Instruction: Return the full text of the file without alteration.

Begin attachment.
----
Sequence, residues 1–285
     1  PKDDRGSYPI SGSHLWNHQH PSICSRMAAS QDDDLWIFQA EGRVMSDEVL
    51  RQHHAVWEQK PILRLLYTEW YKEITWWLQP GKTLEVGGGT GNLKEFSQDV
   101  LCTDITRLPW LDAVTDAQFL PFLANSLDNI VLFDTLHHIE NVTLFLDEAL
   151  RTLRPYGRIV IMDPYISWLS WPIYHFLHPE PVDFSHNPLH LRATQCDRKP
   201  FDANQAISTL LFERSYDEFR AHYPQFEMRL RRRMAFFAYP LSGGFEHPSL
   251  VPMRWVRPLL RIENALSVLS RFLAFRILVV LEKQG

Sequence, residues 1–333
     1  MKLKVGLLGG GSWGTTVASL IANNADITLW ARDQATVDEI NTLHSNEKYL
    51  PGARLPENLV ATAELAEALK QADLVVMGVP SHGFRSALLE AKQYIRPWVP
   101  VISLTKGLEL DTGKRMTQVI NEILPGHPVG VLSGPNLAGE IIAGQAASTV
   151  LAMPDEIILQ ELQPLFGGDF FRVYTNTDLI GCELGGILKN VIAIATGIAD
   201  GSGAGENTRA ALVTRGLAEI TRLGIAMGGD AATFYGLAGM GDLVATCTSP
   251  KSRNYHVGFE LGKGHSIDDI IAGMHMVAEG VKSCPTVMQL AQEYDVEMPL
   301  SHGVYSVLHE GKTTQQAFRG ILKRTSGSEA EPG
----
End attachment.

Sequence, residues 1–285
     1  PKDDRGSYPI SGSHLWNHQH PSICSRMAAS QDDDLWIFQA EGRVMSDEVL
    51  RQHHAVWEQK PILRLLYTEW YKEITWWLQP GKTLEVGGGT GNLKEFSQDV
   101  LCTDITRLPW LDAVTDAQFL PFLANSLDNI VLFDTLHHIE NVTLFLDEAL
   151  RTLRPYGRIV IMDPYISWLS WPIYHFLHPE PVDFSHNPLH LRATQCDRKP
   201  FDANQAISTL LFERSYDEFR AHYPQFEMRL RRRMAFFAYP LSGGFEHPSL
   251  VPMRWVRPLL RIENALSVLS RFLAFRILVV LEKQG

Sequence, residues 1–333
     1  MKLKVGLLGG GSWGTTVASL IANNADITLW ARDQATVDEI NTLHSNEKYL
    51  PGARLPENLV ATAELAEALK QADLVVMGVP SHGFRSALLE AKQYIRPWVP
   101  VISLTKGLEL DTGKRMTQVI NEILPGHPVG VLSGPNLAGE IIAGQAASTV
   151  LAMPDEIILQ ELQPLFGGDF FRVYTNTDLI GCELGGILKN VIAIATGIAD
   201  GSGAGENTRA ALVTRGLAEI TRLGIAMGGD AATFYGLAGM GDLVATCTSP
   251  KSRNYHVGFE LGKGHSIDDI IAGMHMVAEG VKSCPTVMQL AQEYDVEMPL
   301  SHGVYSVLHE GKTTQQAFRG ILKRTSGSEA EPG